Take a moment and hit this link and enter your FreeBSD version.

What version of FreeBSD are you using (Poll)?

Debian one step closer to making the kernel optional

You have heard of options during install, but have you ever thought of swapping out the Kernel? Maybe, for a similar kernel with a different configuration, but what about a completely different kernel, say a Linux or FreeBSD kernel? Well, Debian has thought about this for quite some time, and with their new release of Debian 6, they now have a

Quote on Slashdot: “After two years of work, the Debian Project has announced the release of Debian 6.0. ‘There are many goodies in Debian 6.0 GNU/Linux, not the least of which is the new completely free-as-in-freedom Linux kernel, which no longer contains firmware modules that Debian developers found troublesome,’ says blogger Brian Proffitt. And in addition to Debian GNU/Linux, Debian GNU/kFreeBSD is introduced as a technology preview. ‘Debian GNU/kFreeBSD will port both a 32- and 64-bit PC version of the FreeBSD kernel into the Debian userspace, making them the first Debian release without a Linux kernel,’ says Proffitt. ‘The Debian Project is serious about the technology preview label, though: these FreeBSD-based versions will have limited advanced desktop features.’ The release notes and installation manual have been posted, and installation images may be downloaded right now via bittorrent, jigdo, or HTTP.”

Since FreeBSD is my platform of choice, this idea sounds pretty good to me.

This isn’t hte first time I have commented on this Debian GNU/kFreeBSD release. However, it is in the new again and it is interesting to say the least.

Getting the Microphone to work in FreeBSD on a Lenovo T61p

Hey all,

I am trying to get my Microphone to work on my Lenovo T61p.


If I talk into my microphone while capturing sound, when I play back, I cannot hear my voice.


Let me answer some questions for you:

Does the sound work?
Yes. The sound card works great.

Does the hardware work?
The Microphone works well if I boot to windows 7. I have a hard drive with Windows 7 that used to be in this laptop.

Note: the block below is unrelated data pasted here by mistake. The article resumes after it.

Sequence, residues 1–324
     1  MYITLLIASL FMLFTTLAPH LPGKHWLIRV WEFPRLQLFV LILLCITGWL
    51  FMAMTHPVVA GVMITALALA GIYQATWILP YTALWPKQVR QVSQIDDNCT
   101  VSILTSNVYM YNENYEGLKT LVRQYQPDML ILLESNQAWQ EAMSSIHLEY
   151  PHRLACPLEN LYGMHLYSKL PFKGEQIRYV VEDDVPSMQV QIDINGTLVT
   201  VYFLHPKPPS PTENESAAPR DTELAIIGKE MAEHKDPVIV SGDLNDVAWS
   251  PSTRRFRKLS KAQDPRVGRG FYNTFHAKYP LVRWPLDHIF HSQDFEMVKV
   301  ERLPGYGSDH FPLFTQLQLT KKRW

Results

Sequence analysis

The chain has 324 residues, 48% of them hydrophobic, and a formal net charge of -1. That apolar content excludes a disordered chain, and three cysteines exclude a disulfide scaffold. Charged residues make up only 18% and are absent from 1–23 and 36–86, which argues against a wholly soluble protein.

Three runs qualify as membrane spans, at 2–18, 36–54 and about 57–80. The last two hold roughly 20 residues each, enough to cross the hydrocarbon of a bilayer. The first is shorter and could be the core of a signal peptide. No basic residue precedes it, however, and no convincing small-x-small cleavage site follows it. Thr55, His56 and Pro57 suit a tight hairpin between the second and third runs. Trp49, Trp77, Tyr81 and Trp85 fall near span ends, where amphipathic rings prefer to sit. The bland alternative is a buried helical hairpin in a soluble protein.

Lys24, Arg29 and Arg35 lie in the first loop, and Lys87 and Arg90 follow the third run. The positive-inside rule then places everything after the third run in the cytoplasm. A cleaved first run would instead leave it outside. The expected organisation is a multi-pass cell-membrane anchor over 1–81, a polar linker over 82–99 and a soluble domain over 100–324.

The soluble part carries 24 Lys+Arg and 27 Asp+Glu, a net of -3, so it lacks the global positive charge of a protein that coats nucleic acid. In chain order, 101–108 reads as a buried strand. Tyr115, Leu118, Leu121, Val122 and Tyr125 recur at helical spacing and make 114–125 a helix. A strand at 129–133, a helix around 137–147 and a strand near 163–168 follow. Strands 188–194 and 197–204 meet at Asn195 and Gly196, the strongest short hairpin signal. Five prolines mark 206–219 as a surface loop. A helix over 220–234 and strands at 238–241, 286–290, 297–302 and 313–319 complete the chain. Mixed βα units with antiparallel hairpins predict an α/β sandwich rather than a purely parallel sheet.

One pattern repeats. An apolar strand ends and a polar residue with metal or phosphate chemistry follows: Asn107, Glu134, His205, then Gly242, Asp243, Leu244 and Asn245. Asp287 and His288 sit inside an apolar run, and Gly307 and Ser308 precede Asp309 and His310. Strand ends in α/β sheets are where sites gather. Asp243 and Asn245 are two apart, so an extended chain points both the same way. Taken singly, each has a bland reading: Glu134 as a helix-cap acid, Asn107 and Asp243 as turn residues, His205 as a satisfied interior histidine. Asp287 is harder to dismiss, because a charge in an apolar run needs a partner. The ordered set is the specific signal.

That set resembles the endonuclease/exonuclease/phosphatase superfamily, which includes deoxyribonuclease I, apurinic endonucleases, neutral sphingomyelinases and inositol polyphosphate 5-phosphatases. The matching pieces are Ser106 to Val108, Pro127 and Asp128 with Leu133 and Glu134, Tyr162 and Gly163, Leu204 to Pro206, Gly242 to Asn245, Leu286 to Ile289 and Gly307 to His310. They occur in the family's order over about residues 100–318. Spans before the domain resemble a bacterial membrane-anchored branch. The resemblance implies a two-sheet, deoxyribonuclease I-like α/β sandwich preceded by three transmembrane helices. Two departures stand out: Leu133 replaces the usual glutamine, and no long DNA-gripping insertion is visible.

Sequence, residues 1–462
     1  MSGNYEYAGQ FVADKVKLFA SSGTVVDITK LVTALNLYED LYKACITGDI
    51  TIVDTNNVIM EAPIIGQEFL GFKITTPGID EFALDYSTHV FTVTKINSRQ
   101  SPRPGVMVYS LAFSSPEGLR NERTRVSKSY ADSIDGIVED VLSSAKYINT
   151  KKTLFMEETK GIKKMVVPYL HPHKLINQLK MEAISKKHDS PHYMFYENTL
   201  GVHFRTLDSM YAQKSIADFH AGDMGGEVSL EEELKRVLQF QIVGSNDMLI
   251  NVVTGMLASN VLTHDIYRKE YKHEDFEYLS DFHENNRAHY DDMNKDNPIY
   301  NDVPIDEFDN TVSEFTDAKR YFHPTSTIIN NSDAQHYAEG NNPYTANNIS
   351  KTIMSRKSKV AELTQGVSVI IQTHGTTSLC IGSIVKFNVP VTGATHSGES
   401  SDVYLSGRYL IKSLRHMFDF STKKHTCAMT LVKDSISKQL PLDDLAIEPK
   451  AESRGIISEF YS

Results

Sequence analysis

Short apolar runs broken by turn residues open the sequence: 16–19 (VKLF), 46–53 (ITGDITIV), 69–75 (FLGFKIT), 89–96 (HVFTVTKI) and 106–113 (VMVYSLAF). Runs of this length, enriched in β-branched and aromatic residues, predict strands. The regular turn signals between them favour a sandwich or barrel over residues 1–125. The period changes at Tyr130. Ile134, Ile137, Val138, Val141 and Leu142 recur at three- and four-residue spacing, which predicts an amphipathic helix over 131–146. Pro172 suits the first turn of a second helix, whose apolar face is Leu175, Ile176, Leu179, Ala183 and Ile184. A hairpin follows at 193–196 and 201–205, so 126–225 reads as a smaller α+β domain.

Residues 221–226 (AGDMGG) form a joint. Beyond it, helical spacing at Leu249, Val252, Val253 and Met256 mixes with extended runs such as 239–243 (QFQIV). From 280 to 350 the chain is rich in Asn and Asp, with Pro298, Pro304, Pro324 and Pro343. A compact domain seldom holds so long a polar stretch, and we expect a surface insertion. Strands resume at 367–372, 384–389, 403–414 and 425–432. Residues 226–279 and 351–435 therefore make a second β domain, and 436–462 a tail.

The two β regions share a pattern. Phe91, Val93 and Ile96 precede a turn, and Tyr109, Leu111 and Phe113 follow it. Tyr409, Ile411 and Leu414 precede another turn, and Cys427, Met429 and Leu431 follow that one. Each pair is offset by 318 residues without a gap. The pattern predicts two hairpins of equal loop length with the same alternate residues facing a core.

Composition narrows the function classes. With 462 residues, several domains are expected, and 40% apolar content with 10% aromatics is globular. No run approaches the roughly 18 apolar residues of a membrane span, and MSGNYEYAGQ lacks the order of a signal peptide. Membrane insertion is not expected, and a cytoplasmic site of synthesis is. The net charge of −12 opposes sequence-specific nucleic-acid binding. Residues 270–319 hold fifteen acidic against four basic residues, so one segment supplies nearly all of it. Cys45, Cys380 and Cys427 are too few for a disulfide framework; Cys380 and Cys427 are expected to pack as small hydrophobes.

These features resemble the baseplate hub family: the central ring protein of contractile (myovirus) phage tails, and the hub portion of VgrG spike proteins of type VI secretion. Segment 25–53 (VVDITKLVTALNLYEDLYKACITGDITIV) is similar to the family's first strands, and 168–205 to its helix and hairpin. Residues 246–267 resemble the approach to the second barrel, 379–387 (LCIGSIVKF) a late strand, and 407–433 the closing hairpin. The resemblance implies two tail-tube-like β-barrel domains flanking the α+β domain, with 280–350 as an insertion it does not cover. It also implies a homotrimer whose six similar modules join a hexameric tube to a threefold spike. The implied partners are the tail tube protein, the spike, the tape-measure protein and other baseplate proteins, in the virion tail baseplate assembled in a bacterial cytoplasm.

What tools am I using to capture sound?

Can I get any sound to record?
Yes. If I tap hard with my finger on the microphone, the taps are caught, though faint, by both audacity and xvidcap.

What have I done?

Read the Handbook.
Read the man pages for mixer and snd_hda

  1. Loaded and unloaded snd_hda.ko and sound.ko
  2. Changed every mixer setting there is.
  3. Tested tapping and yelling into the mic, tapping barely registers.
  4. Test hardware on Windows 7, works.
  5. Checked systctl -a |grep snd and sysctl -a |grep hda
  6. Changed the mixer to use monitor instead of mic.


Well, it was the last step. Once I changed the mixer to use monitor instead of mic, it worked like a charm.

mixer -rec monitor

mixer monitor 35:35

Installing and testing PC-BSD 8.2 RC2

I am installing PC-BSD 8.2 RC2.

I really love that I can just choose ZFS as the file system and I don’t have to really make a huge effort to get it to work.

I found polish issues, but nothing serious yet.

Take a moment to install and share your experience here:

VirtualBox on FreeBSD – Don’t use lagg0 and don’t use NAT

So my networking on my host has been extremely slow and choppy on my VM guests. I read somewhere to not use NAT but when I tried to turn off NAT, I could never get and IP address. Turns out that was the fault of lagg.

I have disabled lagg and configured my VMs to use bridging mode and suddenly my host is extremely fast.

Also, when I accidently configured my VM to use iwn0 instead of wlan0, the system hung, followed by a reboot.

So lets sum up the three tips for using VirtualBox on FreeBSD:

  1. Don’t use lagg on the host.
  2. Don’t use NAT.
  3. Don’t configure the guest to use your wireless device using iwn0, but make sure to use wlan0.

Russian Government going Open Source…and the future